I’m not even sure how to describe the following sequence but I will do my best. I went to dismount and halfway over, as my first foot sought the ground, my horse took a step away from the trench, causing me to lose my footing. My immediate thought was “it’s fine, i’ll catch myself before I fall, no big deal” but as my foot touched the ground, i stepped in the uneven lip of the trench and of course, fell into the muddy/poopy water. The entire right side of my body was basically splattered–if not covered–in the stinky gross mess. My foot had gone completely down into the mush, about a foot deep, and my arm was covered in the stuff up to my elbow. In addition to that, my bookbag was splattered as well as my pants and shirt. At that point, all I could do was laugh at the fact that I was going to smell the rest of the day and enjoy the coolness of a soaking wet tennis shoe as our guide rinsed it in some water until I could truly wash everything. I then proceeded to drag my horse across the ditch and all was well again.

We climbed higher and higher up the mountain until we reached the overlook. It was breathtaking. Our view overlooked the Cordillera Blanca, full of snow capped peaks that tower over 20,000ft and the Cordillera Negra, spotted with plots of different crops and small villages. I was in awe. God was really on his game when he made this region of the world! On our way down we stopped to eat lunch with a small community to celebrate the birthday of one of the women in the community and enjoyed live music with some fiddles and a girl singing and people dancing. They then served us soup for lunch and we rested, enjoying the wonderful weather and the interactions with the people of the community. After we reached the end of our ride, we headed back to the city where I spent some quality me time in the cafe while Brooke and Kelly napped back at the hostel. I watched as a thunderstorm came over the mountains as it got dark and could hardly concentrate on the book I had picked as the lightning over the mountains was too cool for words. I also enjoyed three cups of REAL BLACK COFFEE. After 2 months without real coffee, I was in heaven.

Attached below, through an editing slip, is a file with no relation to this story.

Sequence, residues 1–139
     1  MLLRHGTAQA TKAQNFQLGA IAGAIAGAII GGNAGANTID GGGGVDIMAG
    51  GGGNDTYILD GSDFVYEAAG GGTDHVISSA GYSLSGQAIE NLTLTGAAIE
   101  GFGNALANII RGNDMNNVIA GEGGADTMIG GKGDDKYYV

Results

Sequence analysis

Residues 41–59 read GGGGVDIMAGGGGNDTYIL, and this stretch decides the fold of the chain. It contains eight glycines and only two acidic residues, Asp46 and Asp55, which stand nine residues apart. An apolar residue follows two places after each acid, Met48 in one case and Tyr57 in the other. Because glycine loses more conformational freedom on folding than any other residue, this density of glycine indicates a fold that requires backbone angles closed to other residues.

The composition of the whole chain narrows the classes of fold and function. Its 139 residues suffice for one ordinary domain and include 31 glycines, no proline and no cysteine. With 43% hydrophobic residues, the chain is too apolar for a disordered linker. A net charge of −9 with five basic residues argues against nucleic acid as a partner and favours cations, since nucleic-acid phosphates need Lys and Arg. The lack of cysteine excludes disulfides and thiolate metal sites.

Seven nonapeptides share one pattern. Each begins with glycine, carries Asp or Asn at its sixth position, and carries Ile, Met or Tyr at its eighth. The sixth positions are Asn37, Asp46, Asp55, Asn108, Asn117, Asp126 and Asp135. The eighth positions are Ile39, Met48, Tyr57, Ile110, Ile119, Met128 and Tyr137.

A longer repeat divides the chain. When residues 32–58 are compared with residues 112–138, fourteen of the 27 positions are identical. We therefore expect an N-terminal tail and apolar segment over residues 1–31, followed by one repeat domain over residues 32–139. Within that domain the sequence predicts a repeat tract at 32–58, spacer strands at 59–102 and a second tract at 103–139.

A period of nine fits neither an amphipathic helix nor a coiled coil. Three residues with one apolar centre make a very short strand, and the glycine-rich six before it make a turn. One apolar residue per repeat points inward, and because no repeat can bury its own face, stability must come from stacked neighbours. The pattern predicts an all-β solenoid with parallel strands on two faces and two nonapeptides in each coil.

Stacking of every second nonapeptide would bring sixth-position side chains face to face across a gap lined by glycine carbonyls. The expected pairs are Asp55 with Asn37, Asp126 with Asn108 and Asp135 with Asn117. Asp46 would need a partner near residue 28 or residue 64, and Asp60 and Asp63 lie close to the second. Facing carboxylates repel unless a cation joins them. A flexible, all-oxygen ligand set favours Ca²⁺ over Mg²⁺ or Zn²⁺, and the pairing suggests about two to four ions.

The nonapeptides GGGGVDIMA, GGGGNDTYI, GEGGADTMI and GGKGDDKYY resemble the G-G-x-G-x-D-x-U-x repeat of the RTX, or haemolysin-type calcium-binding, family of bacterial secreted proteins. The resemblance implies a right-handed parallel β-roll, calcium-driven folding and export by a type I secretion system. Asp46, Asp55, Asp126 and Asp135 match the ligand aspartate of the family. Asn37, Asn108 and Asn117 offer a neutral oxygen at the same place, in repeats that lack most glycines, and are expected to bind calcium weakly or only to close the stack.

The next day we enjoyed time in the city, eating at the Cafe yet again, and exploring more of the streets. I also treated myself to Tuna ice cream from a street vendor. “Ick! Yuck! Ewy!” you think, but Tuna is actually the fruit of a cactus in South America. It was delicious! Bright purple with edible black seeds, and costing the equivalent of 40 cents, I had to restrain myself from buying out the entire container it was so good. We then planned our Monday activity, a hike to a place called Laguna 69 nestled in the Cordillera Blanca. Not knowing exactly what we had gotten ourselves into, we prepared for a leisurely hike through the mountains before leaving Monday night. Boy were we in for a surprise.

The day began bright and early as we met our driver and the rest of our group at 6am. After a 3 hour drive with a brief stop for breakfast, two crystal blue lakes, and an extremely rocky/bumpy road, we reached the beginning of our hike. Told the hike up to the lake should take approximately three hours and at the top we would eat lunch, we were excited to get going (food is obviously always at the forefront of my life). The first part was flat and I was thinking “easy peasy lemon squeezy this is going to be a great day of relaxation and beautiful scenery, I might not even break a sweat!” Wowowowow was I wrong. The ensuing 3 hours (yes it took us over 4 hours to get to the lake) was almost continuously straight up and coupled with my being in terrible shape and the altitude (which made it feel like I was breathing through a straw) I was basically trying to plead my body not to pass out. The pain my legs felt was almost unlike anything I had ever felt before. The views were spectacular but the constant throbbing of my heart in my head and my legs pushed us on each time, as we were anxious to reach the lake for lunch and a short break.